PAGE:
Prince Fielder closed his glove and completed Milwaukee’s first triple play in 10 years. Then he swung his booming bat and ended the game.
Fielder hit a solo home run with one out in the 12th inning and the Brewers, boosted by their fielding gem, beat the San Francisco Giants 2-1 Sunday.
“It was fun, especially the way the season is going now for us,” Fielder said. “It’s always good to have some fun.”
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The loss dropped the Giants two games behind Colorado for the NL wild-card spot.
Fielder hit his 37th home run, connecting against Merkin Valdez (2-1). The slugging first baseman untucked his shirt before reaching second base and jumped on home plate as his teammates fell over backward in unison in a choreographed celebration.
Fielder’s drive gave him career home run No. 151. The triple play, that was No. 1 for him.
San Francisco led 1-0 when it put Randy Winn on second and Ryan Garko on first in the sixth inning. Aaron Rowand followed with a grounder that third baseman Casey McGehee fielded right on the bag.
McGehee touched third and threw to second baseman Felipe Lopez for the force. Lopez’s relay to Fielder beat Rowand by a step, and pitcher Braden Looper celebrated by pumping his fist.
“I didn’t really notice it until Flip (Lopez) got the ball,” said Fielder, who said he had never been part of a triple play at any level of baseball. “I thought, ‘Uh oh, it’s a triple play.”‘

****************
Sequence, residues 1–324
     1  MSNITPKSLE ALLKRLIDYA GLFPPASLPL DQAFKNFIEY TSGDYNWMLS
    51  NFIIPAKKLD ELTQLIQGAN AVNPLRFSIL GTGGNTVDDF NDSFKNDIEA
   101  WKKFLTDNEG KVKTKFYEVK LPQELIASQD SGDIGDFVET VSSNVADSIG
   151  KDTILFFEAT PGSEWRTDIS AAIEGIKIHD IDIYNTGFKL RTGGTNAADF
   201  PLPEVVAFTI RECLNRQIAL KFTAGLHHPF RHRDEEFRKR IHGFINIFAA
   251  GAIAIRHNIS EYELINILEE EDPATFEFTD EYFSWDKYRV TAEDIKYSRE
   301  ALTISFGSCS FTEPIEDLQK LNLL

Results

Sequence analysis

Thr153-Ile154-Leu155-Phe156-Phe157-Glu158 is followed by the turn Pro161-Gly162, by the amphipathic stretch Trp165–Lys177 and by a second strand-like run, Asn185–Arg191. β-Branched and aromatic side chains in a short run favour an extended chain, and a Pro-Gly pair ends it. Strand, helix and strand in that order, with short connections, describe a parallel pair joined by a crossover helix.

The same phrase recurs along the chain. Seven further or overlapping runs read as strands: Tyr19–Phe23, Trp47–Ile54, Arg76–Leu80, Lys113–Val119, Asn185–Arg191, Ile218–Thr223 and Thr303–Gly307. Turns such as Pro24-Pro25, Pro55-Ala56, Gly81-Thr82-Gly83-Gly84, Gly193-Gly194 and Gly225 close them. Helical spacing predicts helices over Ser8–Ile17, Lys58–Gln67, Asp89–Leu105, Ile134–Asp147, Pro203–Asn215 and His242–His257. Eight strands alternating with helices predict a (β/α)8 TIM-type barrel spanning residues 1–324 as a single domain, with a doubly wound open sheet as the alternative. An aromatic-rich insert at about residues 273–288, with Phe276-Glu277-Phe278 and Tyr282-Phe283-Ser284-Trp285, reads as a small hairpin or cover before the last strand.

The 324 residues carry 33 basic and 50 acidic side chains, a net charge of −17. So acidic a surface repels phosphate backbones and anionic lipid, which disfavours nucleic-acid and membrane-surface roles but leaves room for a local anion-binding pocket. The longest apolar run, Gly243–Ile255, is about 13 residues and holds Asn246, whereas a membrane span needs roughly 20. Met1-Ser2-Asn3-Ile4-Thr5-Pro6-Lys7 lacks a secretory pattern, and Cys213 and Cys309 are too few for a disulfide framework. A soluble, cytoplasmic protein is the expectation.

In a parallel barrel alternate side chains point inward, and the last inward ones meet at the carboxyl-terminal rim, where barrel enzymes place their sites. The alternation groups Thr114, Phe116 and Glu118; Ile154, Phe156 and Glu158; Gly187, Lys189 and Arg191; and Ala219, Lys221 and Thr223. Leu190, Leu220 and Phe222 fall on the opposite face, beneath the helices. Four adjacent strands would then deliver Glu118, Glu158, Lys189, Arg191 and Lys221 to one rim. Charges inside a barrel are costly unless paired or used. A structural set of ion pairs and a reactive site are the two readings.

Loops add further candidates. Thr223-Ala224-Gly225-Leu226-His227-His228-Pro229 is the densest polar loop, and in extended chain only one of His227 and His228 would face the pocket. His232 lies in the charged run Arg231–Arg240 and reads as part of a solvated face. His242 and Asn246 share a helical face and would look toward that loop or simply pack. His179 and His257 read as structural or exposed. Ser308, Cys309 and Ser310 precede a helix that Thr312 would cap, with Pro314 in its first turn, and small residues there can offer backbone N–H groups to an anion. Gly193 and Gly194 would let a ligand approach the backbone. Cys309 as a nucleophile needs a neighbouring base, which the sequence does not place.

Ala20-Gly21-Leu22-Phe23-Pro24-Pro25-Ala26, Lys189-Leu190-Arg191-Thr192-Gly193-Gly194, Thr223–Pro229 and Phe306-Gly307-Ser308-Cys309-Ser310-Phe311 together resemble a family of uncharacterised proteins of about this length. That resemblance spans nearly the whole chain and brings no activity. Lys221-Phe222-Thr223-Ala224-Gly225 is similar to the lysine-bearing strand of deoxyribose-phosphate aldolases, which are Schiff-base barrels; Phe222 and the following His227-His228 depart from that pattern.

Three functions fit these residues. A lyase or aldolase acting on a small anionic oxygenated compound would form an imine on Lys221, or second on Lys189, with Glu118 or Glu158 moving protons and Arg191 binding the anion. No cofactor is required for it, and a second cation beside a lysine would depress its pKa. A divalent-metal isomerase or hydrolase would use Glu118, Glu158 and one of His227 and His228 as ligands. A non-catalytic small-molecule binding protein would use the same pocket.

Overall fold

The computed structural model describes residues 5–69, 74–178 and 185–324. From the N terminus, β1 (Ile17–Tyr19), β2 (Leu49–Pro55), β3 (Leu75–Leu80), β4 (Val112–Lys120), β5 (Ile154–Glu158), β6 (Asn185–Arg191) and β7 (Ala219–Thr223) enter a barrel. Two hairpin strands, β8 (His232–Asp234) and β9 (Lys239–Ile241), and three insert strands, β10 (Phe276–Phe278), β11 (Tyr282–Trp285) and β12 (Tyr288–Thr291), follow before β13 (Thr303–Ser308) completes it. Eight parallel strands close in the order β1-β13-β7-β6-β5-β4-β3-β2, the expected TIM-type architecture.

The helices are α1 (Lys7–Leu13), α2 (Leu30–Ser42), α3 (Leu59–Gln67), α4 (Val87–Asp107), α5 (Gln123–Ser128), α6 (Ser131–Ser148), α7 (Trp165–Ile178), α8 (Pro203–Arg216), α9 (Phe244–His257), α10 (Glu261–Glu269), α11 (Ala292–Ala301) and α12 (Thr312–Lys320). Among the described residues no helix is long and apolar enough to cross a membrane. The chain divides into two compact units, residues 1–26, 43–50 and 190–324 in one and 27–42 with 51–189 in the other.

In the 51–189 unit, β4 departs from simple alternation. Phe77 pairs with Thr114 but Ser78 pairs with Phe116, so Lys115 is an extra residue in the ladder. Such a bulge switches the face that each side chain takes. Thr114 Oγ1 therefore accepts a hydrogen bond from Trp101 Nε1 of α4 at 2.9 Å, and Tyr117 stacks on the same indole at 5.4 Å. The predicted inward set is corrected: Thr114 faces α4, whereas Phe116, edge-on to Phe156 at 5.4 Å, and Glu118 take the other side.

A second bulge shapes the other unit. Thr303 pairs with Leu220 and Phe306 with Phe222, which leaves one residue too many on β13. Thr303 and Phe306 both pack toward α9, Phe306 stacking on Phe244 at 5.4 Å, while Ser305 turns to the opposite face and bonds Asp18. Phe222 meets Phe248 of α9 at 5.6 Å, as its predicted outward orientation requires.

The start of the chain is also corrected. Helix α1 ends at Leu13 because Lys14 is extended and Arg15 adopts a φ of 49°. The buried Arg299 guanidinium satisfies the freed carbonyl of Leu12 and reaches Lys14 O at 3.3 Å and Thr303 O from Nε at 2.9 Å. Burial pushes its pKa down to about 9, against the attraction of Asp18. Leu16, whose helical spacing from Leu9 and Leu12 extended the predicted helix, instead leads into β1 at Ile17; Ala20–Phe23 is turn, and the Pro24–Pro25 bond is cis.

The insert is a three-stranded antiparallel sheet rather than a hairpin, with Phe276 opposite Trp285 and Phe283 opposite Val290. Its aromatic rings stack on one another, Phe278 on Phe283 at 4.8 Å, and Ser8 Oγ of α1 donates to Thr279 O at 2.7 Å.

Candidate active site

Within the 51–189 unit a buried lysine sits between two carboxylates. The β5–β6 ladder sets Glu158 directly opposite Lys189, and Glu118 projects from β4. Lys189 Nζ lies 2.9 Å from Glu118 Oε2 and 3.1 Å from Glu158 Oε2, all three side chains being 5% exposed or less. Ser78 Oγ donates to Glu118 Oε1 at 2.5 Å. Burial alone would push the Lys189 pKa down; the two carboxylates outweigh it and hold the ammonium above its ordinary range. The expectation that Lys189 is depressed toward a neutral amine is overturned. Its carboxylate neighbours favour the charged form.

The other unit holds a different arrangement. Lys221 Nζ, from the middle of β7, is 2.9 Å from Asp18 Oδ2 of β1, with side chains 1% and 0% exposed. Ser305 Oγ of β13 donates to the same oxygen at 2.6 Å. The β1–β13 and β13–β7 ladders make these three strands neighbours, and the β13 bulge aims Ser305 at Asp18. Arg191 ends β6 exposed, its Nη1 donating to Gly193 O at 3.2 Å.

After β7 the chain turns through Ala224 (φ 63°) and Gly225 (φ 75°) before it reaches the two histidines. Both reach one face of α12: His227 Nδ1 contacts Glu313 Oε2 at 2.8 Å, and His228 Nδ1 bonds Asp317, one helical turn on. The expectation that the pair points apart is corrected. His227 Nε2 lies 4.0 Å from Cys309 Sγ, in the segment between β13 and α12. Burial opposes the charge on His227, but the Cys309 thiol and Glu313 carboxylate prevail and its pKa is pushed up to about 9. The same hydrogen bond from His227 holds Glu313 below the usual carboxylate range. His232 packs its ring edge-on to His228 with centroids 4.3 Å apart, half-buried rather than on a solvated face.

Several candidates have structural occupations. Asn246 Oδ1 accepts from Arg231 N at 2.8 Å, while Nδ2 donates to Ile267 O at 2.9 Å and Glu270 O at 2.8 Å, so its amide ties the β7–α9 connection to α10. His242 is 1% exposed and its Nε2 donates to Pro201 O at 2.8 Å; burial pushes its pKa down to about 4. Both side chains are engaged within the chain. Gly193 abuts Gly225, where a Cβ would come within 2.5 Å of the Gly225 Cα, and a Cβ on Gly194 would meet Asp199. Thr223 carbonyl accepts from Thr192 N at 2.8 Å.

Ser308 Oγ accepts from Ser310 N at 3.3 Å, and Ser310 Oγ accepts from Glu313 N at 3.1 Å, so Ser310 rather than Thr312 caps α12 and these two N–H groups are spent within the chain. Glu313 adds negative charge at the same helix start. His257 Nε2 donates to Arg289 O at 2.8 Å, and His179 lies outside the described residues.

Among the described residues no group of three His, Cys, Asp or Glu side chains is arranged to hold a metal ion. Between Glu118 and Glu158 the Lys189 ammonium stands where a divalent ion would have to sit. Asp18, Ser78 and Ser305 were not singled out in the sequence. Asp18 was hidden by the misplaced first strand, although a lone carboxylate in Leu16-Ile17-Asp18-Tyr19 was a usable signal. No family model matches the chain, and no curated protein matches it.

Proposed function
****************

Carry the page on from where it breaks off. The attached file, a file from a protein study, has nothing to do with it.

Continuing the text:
It was the Brewers‘ first triple play since April 16, 1999, against the Cubs and fifth overall.
“I knew we were going to have a chance,” McGehee said. “I was just hoping I wouldn’t bounce it to Felipe. I knew we were going to have to hurry. I didn’t give him the best feed in the world, but he did a good job of turning it.”
San Francisco last hit into a triple play on Aug. 5, 1998, when J.T. Snow did it against the Mets.
“I knew what was going on,” Rowand said. “He was just playing right there and got a nice candy hop right on the bag.”
The game featured several good defensive plays, including diving catches by San Francisco left fielder Eugenio Velez and third baseman Pablo Sandoval, and Milwaukee catcher Jason Kendall.
“It seemed like there were quite a few going back and forth, people making big plays, keeping the game going,” McGehee said.
Milwaukee tied it at 1 in the bottom of the sixth when Lopez walked, moved to second on Ryan Braun‘s single and scored on McGehee’s single.
Mitch Stetter (4-1) pitched the 12th to earn the win.
San Francisco starter Jonathan Sanchez had another strong outing, giving up a run on six hits and three walks in six innings while striking out nine. He struck out six of the first nine batters he faced, but received a no-decision when he was removed for a pinch-hitter in the seventh.
In 11 starts dating to his no-hitter on July 10, Sanchez is 4-3 with a 2.75 ERA.
“The pitching gave us a chance,” San Francisco manager Bruce Bochy said. “We just needed someone to come through with a big hit.”
Looper came into the game giving up a major league-leading 33 home runs, but kept the ball in the park against the Giants. He pitched seven innings, giving up one run and eight hits. It was the first time in nine starts, and only the sixth time in 29 starts that Looper did not allow at least one home run.
Velez doubled down the right-field line to open the game and scored on Sandoval’s single to put the Giants ahead.
Giants 2B Freddy Sanchez is expected to rejoin the team Monday. He has been on the DL since Aug. 18 with a left shoulder strain. … Concerned about the workload this year for RHP Yovani Gallardo, the Brewers said Sunday they would skip his next start and pitch their ace on Sept. 15 at the Chicago Cubs. Gallardo has pitched 175 1-3 innings, up 24 innings from last year when he had a knee injury.